Welcome to the third part of our special sightseeing “D&S” trains in Kyushu. South to Kagoshima, lies the Wind of Hayato with some of the most breathtaking scenery of the Kinko Bay and Sakurajima Volcano.


Part 3: The Hayato no Kaze (“Wind of Hayato”) to Kagoshima

Welcome to the third part of our series on sightseeing trains in Kyushu! In this article, we will first talk about the third D&S train we took, the Hayato no Kaze, as well as what to do in Kagoshima, its destination.

The Hayato no Kaze

The train is likely named after Hayato, one of the stations which the train passes through. But the word Hayato also refers to the people of Satsuma, the old name for Kagoshima, known for their agility and bravery. Hence the train means “the wind of Hayato”.


Interior of the train

The exterior of the train is classy and classic, an unmistakable mix of royal black with gold lettering, something that is quite rare for trains in Japan.
For the interior, interestingly, the two cars are different, the first car more subdued and retro (with a wooden texture like that of Isaburo/Shinpei), whereas the second one (which is a newer one later added to the train) is in warm and bright modern colours (like the Shinkansen Sakura we took),


You can take a virtual tour at the carriage yourself on Google Maps:

Additionally, there are non-reserved seats on this car, so don’t be too afraid if you can’t reserve the seats at the peak season!


Like the previous sightseeing trains we wrote about, the Hayato no Kaze also make brief stops at “retro”-feeling stations for you to take a look and pictures. This time it was the Karegawa Station (嘉例川駅), a station that is more than a century old.

Photo spots: Sakurajima and Kinkowan or Kagoshima Bay

We highly recommend you to reserve a seat on the left if possible: this way, you can view the Sakurajima and the sea (Kinkowan, or the Kagoshima Bay) during the journey. The train will also slow down then.

Enjoy youe meal with a good view

Unlike the Isaburo, the public gallery space of Hayato no Kaze comes with seats as well, so you can sit while enjoying your bento and the view.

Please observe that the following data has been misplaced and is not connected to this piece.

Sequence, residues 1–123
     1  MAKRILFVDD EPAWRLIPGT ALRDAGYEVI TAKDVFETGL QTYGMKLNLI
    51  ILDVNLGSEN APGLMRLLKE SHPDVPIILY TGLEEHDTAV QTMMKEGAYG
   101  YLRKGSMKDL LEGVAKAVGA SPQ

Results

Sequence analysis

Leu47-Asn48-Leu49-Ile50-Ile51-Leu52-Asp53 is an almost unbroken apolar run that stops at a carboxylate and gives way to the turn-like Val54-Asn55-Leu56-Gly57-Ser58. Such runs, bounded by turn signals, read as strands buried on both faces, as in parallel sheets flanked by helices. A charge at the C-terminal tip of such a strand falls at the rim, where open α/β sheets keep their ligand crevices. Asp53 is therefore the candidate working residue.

Gallery seat

Sitting on the gallery seat, opening to the sea, the ride becomes a pleasure itself. You actually don’t need to spend a lot of time taking pictures, etc.
You can just read a book. Play your favourite game. Or work on your computer. Whatever the activity, the setting of the train transforms it into something enjoyable. It adds a travelling quality to the activity.


As we travelled on weekend, there is a special bento (百年の旅物語かれい川, 1,080 yen) (we bought with drink, making 1,490 yen for one) that normally needs reservation (buy the ticket for it at the JR ticket office at least two days in advance).
However, the taste is only average, which is a little bit disappointing.


What to do in Kagoshima

The weather when we went was excellent.


Ferris Wheel

After taking the Hayato no Kaze, it was around 4 to 5 pm. One thing that you could do then is to take the Ferris wheel on the JR station, which is one of the several wheels in Japan that are on a building. The view of the sunset at the top of the wheel is great.

A tip

There are two special gondolas that are almost entirely transparent, and if you have time, wait for those two! (They cost the same as normal gondolas)


Berkshire Pork (Kurobuta)

After that, you must be hungry for dinner –– you could try the famous Berkshire pork (kurobuta, literally black pig) of Kagoshima. There are many ways to have that, like fried pork cutlet (tonkatsu) and hotpot (shabushabu).

Hachiman (八幡):the best shabushabu restaurant

We went to one of the best shabushabu restaurants, called Hachiman (八幡). For the shabushabu, you first pick one of two from an array of eight “soups”, that is the base or stock for the hotpot. After that, you have the option of adding around 1,000 yen to add two appetizers and desserts to make it a course. We did that, and ours were grilled kurobuta sushi (nigiri) and raw chicken sashimi. (Chicken can be eaten raw and it is a famous dish of Kagoshima.)

Although the restaurant is known for the kurobuta shabushabu, there are also many a la carte dishes and grilled dishes that you can choose from, especially if you travel in a bigger group. Very helpfully, there are numbers “1”, “2” etc. written on the menu in every section (e.g. the soup we mentioned, also the liquors etc.), indicating the staff’s recommendation.

The hotpot

We picked an XO-sauce stock/base for the soup, which comes in black. The waitress came to show how to eat the hotpot, the sauces etc.. (The hospitality she displayed the how beautifully she arranged the vegetables in the hotpot was amazing, especially if you have eaten hotpots of other countries.)

The taste of hotpot

And it was one of the best hotpots we have had, as well as one of the best pork there can be. The proportion of the fat and lean meat, as well as the rich taste of the pork, enhanced by the fish/chicken stock, bring a heavenly taste.
At first, we were a little bit surprised at how little the pork was, but it turns out that the portion is just right –– as Japanese cuisines usually are.
At the end, the waitress came again to put noodles (Chanpon) to the soup, so that it is fully utilized.
It was 4,082 yen.



Chicken sashimi



Restaurant name : Hachiman
Hours: (Monday~Thursday, Sunday)- Lunch- 11:00~14:30

Economical option to taste Kurobuta

There is a more economical option to taste kurobuta, that is the famous deep-fried pork cutlet (tonkatsu).
For example, you can buy the tonkatsu sandwich (720 yen) right at the restaurant (Tonkatsu Oyama とんかつ大山) at the Kagoshima Chuo station.